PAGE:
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Learn ECG in a Day

Sajjan M MBBS
President, Dynamic Education Trust

Mangalore, Karnataka, India


JAYPEE BROTHERS MEDICAL PUBLISHERS (P) LTD
New Delhi Panama City London Dhaka Kathmandu

Learn ECG in a Day


A Systematic Approach
Foreword
EVS Maben
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Learn ECG in a Day: A Systematic Approach
First Edition: 2013
ISBN 978-93-5090-086-4
Printed at:

Dedicated to
My parents, Smt Prasadini Madappady
and Sri Radhakrishna Madappady
who have unconditionally been constant source of love,
support and encouragement
Interpretation of electrocardiograph is an essential part of cardiovascular diagnosis.
ECG is an important diagnostic tool in the diagnosis of cardiac as well as some
metabolic problems. To read an ECG correctly, one has to be thorough with the
basic knowledge of electromechanical system of the heart. It also requires a lot of
imaginations and logic conclusions.
Teaching ECG to an undergraduate student is a challenging task for the teacher.
The teacher has to use a lot of innovative ideas to kindle an interest in the student
to the interpretation of ECG.
I am extremely proud of my student, Dr Sajjan, who took keen interest in my
ECG classes and with his strong foundation of cardiology and multimedia skills,
brought out this practical book Learn ECG in a Day: A Systematic Approch. He
made it very simple, interesting and practical by using his own innovative ideas
and methods.
Probably, this is the frst book on ECG written by an internist for the beneft
of not only undergraduates but also for postgraduates in General Medicine. This
is also an example of how a young mind can blossom with new ideas and skills if
given proper guidance and opportunity.
I wish many young brains be stimulated by this commendable work of Dr Sajjan
and hope he will become a good medical teacher in the days to come.
I wish him all the best.
EVS Maben
Professor and Head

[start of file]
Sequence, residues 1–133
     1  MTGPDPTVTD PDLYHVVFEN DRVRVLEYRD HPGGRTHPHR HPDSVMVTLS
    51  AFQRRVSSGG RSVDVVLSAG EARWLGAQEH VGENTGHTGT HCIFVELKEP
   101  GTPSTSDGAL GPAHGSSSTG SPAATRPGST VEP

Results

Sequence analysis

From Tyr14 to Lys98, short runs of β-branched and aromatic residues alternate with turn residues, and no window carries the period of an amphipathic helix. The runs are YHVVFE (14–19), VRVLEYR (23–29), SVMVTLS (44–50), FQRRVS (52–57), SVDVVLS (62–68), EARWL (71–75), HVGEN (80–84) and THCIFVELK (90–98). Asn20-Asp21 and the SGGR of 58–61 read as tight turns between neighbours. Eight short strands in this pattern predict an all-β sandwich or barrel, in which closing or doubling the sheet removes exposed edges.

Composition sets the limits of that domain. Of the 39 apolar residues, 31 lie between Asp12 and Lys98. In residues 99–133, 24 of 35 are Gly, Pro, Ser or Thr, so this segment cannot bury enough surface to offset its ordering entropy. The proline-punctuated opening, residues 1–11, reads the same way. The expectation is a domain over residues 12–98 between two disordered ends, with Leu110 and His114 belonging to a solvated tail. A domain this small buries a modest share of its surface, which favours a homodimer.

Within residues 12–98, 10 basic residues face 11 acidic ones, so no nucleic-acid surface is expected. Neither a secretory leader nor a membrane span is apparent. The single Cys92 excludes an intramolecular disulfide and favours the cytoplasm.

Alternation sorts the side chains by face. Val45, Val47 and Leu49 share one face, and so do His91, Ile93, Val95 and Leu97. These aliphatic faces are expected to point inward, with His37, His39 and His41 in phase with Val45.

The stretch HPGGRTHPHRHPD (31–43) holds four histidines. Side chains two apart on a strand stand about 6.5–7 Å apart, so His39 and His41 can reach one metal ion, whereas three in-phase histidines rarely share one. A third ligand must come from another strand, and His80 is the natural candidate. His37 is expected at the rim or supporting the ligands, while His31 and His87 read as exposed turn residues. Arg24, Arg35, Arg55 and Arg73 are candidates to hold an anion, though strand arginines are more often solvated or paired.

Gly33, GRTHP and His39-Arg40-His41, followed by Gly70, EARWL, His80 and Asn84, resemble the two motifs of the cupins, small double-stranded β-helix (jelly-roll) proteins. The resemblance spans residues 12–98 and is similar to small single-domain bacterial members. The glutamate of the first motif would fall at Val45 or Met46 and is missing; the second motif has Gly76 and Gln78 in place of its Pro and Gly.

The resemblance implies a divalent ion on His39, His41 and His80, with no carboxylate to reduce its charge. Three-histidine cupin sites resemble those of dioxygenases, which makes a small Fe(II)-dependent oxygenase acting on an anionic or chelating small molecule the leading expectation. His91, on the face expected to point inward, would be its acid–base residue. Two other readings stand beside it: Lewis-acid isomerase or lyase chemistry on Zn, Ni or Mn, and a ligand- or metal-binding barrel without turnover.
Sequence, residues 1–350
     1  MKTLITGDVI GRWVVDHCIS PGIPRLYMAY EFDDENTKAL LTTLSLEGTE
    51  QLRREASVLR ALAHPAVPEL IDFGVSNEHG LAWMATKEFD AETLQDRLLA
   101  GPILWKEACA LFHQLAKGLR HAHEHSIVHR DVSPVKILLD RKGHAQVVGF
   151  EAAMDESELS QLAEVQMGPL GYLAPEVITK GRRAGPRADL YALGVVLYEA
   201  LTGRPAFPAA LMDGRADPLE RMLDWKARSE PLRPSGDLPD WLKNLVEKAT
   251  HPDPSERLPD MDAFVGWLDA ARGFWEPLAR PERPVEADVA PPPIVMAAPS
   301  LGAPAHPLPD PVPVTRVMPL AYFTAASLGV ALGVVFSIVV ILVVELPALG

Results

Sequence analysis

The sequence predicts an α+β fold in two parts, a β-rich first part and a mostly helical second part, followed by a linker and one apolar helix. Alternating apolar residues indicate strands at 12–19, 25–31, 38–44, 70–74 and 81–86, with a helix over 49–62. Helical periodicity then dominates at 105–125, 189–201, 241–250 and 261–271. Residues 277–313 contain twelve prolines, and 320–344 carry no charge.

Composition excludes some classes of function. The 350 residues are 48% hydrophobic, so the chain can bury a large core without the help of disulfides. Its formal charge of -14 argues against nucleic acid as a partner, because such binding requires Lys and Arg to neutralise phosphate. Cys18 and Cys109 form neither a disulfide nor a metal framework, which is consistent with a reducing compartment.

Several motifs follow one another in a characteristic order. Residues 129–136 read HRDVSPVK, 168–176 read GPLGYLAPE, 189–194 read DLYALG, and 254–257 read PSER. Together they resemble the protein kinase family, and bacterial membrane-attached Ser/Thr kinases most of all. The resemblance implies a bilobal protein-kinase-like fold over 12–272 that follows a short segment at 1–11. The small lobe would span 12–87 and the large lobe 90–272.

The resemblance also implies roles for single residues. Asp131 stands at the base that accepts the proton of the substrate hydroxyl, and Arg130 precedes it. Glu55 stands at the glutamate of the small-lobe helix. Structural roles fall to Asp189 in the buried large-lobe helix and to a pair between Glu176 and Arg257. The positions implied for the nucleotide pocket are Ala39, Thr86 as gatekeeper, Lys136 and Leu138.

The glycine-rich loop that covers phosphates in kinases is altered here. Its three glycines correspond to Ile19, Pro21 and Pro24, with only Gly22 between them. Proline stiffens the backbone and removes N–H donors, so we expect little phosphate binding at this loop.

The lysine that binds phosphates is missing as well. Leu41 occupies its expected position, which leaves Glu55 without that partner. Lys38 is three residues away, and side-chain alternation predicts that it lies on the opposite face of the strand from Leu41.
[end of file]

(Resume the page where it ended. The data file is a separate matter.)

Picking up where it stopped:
Department of Medicine
AJ Institute of Medical Sciences
Mangalore, Karnataka, India
Foreword
Present-day cardiology is undergoing immense advancements. ECG still remains
the key stone in the clinical management of various cardiovascular and metabolic
disorders.
Currently, interpreting ECG for medicos is a diffcult task. So my efforts into
this book endeavor to equip them to interpret ECG confdently and independently.
My experience with trying to understand ECG as an undergraduate made
me realize that all the current books on ECG are merely a source of information.
So unlike other books, the purpose of this book is to help medicos to develop a
systematic approach to ECG and come to a diagnosis in a clinical set-up. However,
reading the book alone will not suffce until interpreting is not put into practice.
Your opinion is valuable. I request you to give me a feedback and help in
improvement of this book to my E-mail: dynamicsajjan@gmail.com.
In the end,
Observe, record, tabulate, and communicate. Use your fve senses. Learn to
see, learn to hear, learn to feel, learn to smell and know that by practice alone you
can become expert.
William Osler
WISHING YOU ALL THE BEST!
Sajjan M
Preface
When emotions are poured, words, sometimes, are not suffcient to express our
thanks and gratitude.
My sincere gratitude to Dr EVS Maben, Professor and Head, Department of
Medicine, AJ Institute of Medical Sciences, who is my teacher, guide and inspiration
behind this book and I would like to thank him for writing the Foreword for this
book.
I extend my sincere gratitude to Shri AJ Shetty, President, Laxmi Memorial
Education Trust, and Shri Prashanth Shetty, Vice-President, Laxmi Memorial
Education Trust, for their support. I extend my sincere gratitude to Dr Ramesh Pai,
Dean, AJIMS, Mangalore and Dr E Keshava Bhat, Professor of Medicine (Retd),
Mangalore, for reviewing this book.
I extend my heartfelt gratitude to Dr Purushotham, Interventional Cardiologist,
AJHRC, Mangalore, for taking his valuable time in evaluating this book and
giving his expert opinion. I extend my sincere gratitude to Dr Krishna Kumar PN,
MCH (CVTS), Apollo Hospitals, Chennai; Dr Naveen NS (GS), District Hospital,
Madikeri, Kodagu; Dr BK Rajeshwari, MS (O & G), Bangalore Medical College,
Bengaluru; Dr Praveen NS, Senior Clinical Fellow in Fetal Medicine, Royal London
Hospital, London, UK; Dr Ashwini A, Clinical Fellow in Anesthesiology, Luton
and Dunstable NHS Trust, UK, for taking their precious time in reviewing this
book and giving their valuable views.
I would like to thank my mother, Smt Prasadini M; my father, Sri Radhakrishna
M; my sister, Ms Madhura M, and all my family members for their encouragement